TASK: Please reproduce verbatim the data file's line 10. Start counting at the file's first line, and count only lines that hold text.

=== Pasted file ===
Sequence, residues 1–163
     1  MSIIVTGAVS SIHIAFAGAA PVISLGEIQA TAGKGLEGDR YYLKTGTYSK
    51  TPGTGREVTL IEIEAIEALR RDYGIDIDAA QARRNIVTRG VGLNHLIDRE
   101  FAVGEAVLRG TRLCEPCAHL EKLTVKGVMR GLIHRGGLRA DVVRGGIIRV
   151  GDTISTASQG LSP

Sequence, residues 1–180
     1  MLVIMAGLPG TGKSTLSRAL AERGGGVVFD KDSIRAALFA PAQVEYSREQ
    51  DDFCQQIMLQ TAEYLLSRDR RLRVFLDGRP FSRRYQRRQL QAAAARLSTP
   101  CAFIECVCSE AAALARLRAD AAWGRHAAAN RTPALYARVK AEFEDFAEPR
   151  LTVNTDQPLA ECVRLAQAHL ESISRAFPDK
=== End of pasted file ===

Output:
   151  LTVNTDQPLA ECVRLAQAHL ESISRAFPDK